An Argument for Euthanasia Essay

3119 Words Sep 6th, 2015 13 Pages
Euthanasia is a word coined from the Greek language, Eu meaning good or noble; Thanatos meaning death, in the seventeenth century by Francis Bacon to refer to an easy, painless, happy death. (Singer) Within euthanasia, there are two types. Active and passive. Active euthanasia occurs when a medical professional or another person deliberately does something to cause the death of a patient. Passive euthanasia occurs when a medical professional either stops doing something that is keeping a patient alive or they don’t do something necessary to keep a patient alive. Like switching off life support or disconnecting a feeding tube. A term that is commonly confused, but is similar to euthanasia, is physician assisted suicide. Although the results …show more content…
“A vigorous religious counterattack gained momentum as the late eighteenth century drew to a close. The various waves of religious revivalism, starting with the Great Awakening of the mid-1700s, prevented secularists and agnostics on either side of the Atlantic Ocean from generating popular support for taking one's life. These events dovetailed with the Second Great Awakening of intense evangelical fervor in the first years of the nineteenth century and strengthened the condemnation of suicide and euthanasia that stretched back to the earliest days of colonial America. The rejection of suicide and euthanasia remained firm, even after many of the new states decriminalized suicide in the wake of the Revolutionary War. The majority of Americans rejected suicide's common-law punishment...but no matter how sympathetic they were toward the suicide's family, most Americans stopped far short of condoning self-murder. As late as the antebellum period there existed in the United States a firm consensus against suicide and mercy killing” (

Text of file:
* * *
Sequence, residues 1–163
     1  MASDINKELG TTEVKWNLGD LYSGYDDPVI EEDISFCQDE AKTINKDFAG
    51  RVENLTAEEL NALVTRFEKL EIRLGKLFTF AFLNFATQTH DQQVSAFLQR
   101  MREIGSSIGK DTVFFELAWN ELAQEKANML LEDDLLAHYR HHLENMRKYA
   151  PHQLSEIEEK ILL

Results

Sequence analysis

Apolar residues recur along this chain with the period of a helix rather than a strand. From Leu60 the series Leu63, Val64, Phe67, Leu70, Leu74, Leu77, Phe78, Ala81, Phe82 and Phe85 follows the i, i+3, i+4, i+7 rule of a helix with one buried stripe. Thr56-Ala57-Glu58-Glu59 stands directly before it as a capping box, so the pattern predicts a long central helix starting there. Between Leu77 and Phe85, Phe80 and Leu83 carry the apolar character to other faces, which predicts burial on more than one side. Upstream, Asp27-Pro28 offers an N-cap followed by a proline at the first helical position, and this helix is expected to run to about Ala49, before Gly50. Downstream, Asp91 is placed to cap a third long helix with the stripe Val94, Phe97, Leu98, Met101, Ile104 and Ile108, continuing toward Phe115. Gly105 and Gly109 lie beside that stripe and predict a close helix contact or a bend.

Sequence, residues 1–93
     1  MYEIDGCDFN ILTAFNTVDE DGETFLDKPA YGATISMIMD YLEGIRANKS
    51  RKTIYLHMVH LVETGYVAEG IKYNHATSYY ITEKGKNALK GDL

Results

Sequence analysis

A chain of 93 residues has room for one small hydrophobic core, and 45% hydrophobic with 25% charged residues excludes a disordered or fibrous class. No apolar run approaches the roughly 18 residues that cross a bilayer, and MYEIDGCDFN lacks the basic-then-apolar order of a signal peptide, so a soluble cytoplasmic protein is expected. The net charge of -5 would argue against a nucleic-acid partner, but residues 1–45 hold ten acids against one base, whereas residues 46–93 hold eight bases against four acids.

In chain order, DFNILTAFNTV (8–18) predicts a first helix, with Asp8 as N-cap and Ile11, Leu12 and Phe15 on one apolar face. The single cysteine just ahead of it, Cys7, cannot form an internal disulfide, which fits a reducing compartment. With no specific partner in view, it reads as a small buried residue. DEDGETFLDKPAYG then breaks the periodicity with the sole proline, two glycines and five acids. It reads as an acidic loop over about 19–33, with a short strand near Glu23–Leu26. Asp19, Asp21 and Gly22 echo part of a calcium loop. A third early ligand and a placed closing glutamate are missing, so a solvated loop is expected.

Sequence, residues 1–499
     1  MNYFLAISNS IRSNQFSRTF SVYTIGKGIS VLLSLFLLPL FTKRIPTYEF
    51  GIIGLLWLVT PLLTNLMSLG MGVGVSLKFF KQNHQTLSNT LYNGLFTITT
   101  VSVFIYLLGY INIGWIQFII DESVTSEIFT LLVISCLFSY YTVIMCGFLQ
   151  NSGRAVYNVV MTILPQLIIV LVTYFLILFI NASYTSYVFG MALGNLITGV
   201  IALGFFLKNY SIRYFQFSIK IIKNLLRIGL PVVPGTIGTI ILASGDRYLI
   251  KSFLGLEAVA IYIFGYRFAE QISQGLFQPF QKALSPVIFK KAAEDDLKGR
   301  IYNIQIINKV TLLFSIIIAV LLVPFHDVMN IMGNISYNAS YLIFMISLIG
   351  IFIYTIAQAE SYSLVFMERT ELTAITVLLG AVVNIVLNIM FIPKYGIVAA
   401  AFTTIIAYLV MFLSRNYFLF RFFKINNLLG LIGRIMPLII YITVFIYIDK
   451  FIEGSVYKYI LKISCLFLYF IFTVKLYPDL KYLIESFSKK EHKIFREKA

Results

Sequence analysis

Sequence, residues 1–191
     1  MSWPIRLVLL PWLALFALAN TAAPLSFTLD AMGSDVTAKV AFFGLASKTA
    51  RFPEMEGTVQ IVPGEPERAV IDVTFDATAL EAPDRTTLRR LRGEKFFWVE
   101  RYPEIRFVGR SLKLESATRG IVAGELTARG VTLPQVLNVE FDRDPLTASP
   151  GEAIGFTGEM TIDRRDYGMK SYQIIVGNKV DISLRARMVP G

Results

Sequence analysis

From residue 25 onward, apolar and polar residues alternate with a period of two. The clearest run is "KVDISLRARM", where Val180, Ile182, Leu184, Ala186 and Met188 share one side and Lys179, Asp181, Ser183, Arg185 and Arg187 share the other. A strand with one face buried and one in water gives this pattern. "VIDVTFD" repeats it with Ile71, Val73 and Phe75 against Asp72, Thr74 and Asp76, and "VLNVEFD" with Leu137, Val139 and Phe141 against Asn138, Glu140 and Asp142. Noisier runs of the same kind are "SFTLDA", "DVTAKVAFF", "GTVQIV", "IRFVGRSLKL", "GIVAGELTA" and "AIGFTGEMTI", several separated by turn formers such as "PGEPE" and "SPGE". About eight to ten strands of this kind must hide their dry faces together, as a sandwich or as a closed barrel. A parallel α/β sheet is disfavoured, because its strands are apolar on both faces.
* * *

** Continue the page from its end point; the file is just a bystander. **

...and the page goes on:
The first American law against euthanasia and assisted suicide was passed in New York during 1828. This further solidified society’s consensus against euthanasia. Shortly after, many states and territories followed suit. Dudley Field led a New York commission that prohibited aiding a death and furnishing a deadly weapon or

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